The Springs Environmental Reserve, Sunshine Coast Biosphere Reserve, Queensland, Australia
Sunshine Coast Biosphere Reserve part of BIOM, Biosphere Soundscapes and hosted in collaboration with the University of the Sunshine Coast
The Springs Environmental Reserve is primarily a wallum banksia woodland landscape with a diversity of native flora and fauna, including endangered species. This includes species endemic to the region, such as the endangered Swamp Stringybark (Eucalyptus conglomerata) and the vulnerable Whipstick Wattle (Acacia attenuata). This site is a critical remnant reserve and wildlife corridor connecting the Mooloolah River National Park, which is recognised as the core zone of the Sunshine Coast Biosphere Reserve. The core zone of a UNESCO Biosphere Reserve comprises a strictly protected area that contributes to the conservation of landscapes, ecosystems, species, and genetic variation.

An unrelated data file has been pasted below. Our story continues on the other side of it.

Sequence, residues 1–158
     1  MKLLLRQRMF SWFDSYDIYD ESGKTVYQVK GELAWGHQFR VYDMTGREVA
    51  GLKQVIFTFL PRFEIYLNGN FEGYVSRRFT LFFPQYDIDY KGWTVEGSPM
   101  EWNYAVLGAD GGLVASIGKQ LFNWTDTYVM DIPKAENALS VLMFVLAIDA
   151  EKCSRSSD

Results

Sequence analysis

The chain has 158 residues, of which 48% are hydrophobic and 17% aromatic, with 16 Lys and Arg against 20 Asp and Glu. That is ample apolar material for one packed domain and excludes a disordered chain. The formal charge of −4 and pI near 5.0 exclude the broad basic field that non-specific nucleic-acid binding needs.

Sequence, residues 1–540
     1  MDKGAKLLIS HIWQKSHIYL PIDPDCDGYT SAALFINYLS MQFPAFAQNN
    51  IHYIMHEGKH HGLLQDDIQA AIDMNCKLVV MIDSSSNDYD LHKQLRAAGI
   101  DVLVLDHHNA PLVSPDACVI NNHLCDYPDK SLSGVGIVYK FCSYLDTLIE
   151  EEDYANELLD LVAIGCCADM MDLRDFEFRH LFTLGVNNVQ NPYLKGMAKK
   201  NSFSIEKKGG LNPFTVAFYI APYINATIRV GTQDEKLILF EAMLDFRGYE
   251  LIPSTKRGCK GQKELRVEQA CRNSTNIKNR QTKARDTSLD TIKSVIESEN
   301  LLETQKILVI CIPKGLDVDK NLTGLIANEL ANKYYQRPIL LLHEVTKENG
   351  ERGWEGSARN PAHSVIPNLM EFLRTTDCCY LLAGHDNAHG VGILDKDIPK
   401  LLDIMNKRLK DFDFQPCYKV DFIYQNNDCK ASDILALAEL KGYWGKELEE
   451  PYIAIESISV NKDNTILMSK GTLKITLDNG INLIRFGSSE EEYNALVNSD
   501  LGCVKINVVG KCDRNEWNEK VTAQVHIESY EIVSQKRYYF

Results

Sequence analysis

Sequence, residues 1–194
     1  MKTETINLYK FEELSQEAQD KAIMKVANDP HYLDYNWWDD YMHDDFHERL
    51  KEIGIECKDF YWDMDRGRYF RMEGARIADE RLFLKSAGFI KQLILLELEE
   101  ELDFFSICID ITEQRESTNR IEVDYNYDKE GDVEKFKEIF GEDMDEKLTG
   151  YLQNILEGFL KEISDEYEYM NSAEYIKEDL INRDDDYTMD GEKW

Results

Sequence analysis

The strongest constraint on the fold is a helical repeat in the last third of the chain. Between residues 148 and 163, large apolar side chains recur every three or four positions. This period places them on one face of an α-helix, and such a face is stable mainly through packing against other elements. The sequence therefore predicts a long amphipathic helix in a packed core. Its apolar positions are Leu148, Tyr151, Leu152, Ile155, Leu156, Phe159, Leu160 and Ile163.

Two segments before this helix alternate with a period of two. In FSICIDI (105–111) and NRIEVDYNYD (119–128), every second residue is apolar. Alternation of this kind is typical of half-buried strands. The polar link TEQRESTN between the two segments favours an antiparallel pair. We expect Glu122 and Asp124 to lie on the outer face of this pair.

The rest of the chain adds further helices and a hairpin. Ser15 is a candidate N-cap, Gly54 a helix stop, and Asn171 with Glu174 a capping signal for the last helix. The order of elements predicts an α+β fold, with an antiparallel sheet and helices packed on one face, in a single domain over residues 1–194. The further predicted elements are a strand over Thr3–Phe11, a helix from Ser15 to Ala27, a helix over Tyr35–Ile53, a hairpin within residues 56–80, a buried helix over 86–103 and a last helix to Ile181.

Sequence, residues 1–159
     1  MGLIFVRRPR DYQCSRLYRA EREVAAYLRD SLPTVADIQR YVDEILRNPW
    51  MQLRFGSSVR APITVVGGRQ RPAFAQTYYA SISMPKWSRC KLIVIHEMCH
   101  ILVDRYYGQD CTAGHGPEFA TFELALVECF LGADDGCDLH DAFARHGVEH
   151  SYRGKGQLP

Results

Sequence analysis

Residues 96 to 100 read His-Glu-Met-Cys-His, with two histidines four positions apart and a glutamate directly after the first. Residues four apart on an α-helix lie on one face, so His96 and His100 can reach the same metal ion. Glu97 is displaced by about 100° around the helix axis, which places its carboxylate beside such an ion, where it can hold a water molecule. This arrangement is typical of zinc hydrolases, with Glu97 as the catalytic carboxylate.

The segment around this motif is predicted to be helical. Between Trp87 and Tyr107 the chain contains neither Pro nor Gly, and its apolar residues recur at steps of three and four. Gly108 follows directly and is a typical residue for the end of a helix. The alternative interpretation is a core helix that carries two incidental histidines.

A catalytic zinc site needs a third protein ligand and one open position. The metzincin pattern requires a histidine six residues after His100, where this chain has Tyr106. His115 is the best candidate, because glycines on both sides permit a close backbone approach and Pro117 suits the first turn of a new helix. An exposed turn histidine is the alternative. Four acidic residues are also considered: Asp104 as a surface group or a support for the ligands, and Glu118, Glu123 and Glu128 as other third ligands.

The Springs is a vital Koala habitat, in addition to being a critical habitat for other native fauna, including kangaroos, wallabies, lace monitor lizards, multiple species of frogs, possums, bats, echidnas, and an abundance of bird life, including vulnerable and endangered species.
The Sunshine Coast region was recognised as a UNESCO Biosphere Reserve in 2022 and is part of the international projects BIOM (Biosphere Open Microphone Network) and Biosphere Soundscapes, an international project running for over a decade with biosphere reserves across the planet.